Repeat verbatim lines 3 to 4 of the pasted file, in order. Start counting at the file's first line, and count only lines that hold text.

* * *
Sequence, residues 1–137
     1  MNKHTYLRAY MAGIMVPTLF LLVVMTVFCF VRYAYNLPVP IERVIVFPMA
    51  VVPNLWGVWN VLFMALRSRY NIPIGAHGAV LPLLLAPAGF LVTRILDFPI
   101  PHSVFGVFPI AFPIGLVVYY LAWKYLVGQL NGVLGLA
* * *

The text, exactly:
    51  VVPNLWGVWN VLFMALRSRY NIPIGAHGAV LPLLLAPAGF LVTRILDFPI
   101  PHSVFGVFPI AFPIGLVVYY LAWKYLVGQL NGVLGLA